The US's broadband infrastructure would make a former Soviet bloc country blush. Rural areas are often stuck with slow dial-up or expensive satellite Internet service. Even urban centers lack better high-speed service options, as the increasing deregulation of the telecommunications industry has helped prop up monopolies - which then have no incentive to improve broadband speed or lower costs.
Tim Nulty offers a great vision and hope for the future of rural broadband networks. He discusses the long history of large telcos viciously attacking publicly owned networks and notes that FTTH is possible in nearly all rural areas in the U.S.
Among the advantages of public ownership, he notes the high quality of service, universal coverage, and the potential for common carriage or open access networks.
Our economy and society have evolved over the last 20 years to the point where universal availability of the most modern broadband communications is essential to fully participate in every aspect of our nation’s life. Without it, the promise of an equal chance to succeed is hollow. Our nation came to that conclusion two centuries ago when it created the national postal system, and in subsequent years with respect to roads, water, power and voice telephone. Now, it is coming to the same conclusion about the next level of communications: broadband connectivity. ...
[T]he main entrenched incumbents (both telephone and cable) are strongly reluctant to bring the latest technology to rural areas....focusing, instead, on cheaper but inferior “retrofits” to their legacy copper plant. The claimed reason is that it is not economically feasible to extend the latest technology to less “juicy” areas. In fact, this is not true. Based on the experience of a number of “non-incumbent” FTTH projects, it is clear that it is economic to bring universal FTTH to virtually any rural area that has a density of 12/13 homes per linear mile and all or most of whose plant is aerial. These characteristics cover the overwhelming majority of rural Americans.
Note: Nulty's piece appears on page 23 of the article linked to below. Preceding his piece is a poorly written piece riddled with the very sort of inaccuracies we started this site to correct. The article cites few examples and relies on worst-case, very low probability scenarios to scare the reader. Their discussion of the Utah networks suggests they are unaware of the most basic history of the project, and finally, their comparison of Burlington Telecom to Verizon is laughably simplistic and worthless.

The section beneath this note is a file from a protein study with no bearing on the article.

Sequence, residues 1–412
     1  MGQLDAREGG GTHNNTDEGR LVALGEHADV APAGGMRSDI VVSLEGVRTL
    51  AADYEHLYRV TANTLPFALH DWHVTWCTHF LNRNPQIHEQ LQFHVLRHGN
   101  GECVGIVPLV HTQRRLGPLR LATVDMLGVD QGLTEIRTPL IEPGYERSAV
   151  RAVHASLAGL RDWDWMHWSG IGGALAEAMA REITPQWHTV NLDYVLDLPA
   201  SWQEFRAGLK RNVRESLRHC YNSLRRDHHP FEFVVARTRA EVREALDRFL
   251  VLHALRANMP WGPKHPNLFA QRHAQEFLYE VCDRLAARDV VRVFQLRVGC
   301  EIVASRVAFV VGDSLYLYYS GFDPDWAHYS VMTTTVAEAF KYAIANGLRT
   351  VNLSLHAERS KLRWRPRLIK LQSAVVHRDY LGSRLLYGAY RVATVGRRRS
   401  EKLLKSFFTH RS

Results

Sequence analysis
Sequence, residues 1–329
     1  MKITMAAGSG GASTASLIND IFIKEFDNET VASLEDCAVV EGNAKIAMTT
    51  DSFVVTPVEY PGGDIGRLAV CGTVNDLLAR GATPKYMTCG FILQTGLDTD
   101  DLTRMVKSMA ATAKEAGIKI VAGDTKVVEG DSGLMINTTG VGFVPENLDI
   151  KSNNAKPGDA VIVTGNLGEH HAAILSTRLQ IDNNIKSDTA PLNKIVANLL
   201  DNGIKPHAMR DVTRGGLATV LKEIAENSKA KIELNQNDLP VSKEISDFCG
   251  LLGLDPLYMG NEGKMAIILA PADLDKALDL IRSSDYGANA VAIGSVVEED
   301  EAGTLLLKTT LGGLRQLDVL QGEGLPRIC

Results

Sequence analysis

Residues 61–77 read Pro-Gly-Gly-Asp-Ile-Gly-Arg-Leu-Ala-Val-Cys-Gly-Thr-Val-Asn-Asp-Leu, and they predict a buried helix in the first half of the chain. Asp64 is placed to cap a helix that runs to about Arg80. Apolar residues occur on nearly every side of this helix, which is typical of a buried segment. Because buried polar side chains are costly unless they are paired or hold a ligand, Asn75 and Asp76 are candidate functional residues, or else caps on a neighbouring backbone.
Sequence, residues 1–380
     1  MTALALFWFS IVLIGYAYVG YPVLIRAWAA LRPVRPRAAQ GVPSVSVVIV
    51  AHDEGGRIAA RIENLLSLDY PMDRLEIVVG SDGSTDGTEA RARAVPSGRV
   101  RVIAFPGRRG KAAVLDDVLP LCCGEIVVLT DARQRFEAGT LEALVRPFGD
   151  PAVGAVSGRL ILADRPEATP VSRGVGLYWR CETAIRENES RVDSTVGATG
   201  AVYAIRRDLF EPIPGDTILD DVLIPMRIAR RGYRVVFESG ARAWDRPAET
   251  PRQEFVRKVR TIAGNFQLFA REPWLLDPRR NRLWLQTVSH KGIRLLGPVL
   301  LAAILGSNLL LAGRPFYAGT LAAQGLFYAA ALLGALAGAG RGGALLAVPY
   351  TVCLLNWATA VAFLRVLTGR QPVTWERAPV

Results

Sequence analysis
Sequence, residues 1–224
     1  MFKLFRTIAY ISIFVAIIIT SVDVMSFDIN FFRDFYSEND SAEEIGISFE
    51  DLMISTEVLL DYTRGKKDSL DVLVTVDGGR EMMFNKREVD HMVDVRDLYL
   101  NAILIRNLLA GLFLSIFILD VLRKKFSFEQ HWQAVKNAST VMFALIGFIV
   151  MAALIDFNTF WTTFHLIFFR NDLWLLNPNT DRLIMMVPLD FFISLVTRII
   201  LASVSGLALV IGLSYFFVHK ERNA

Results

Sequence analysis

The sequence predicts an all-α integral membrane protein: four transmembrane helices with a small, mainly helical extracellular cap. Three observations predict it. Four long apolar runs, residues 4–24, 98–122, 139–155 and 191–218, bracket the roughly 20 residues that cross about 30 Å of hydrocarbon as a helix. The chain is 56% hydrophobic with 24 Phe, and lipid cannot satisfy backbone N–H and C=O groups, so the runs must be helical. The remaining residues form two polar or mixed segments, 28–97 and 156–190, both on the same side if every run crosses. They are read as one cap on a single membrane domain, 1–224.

A recurring feature in Broadband Properties is the Municipal FTTH Deployment Snapshot. The Aug/Sept 2008 issue featured one of oldest municipal citywide FTTH deployments in the United States - Bristol Virgina Utilities' Optinet.
The article featured a wealth of technical data from the network as a well as a short history of their legal fights and their "Biggest Success."
InternetforEveryone.org is working to shed light on the millions of Americans who live without regular Internet access or lack the training or equipment to get online. A small reporting team is traveling to communities across the country to tell people's stories. Free Press' Megan Tady interviewed residents of Los Angeles, Calif., and Washington, D.C. On this site, you can follow our trek and get an up-close view of America’s urban digital divide. InternetforEveryone.org is working to shed light on the millions of Americans who live without regular Internet access or lack the training or equipment to get online. A small reporting team is traveling to communities across the country to tell people's stories.
Free Press' Megan Tady interviewed residents of Los Angeles, Calif., and Washington, D.C. On this site, you can follow our trek and get an up-close view of America’s urban digital divide.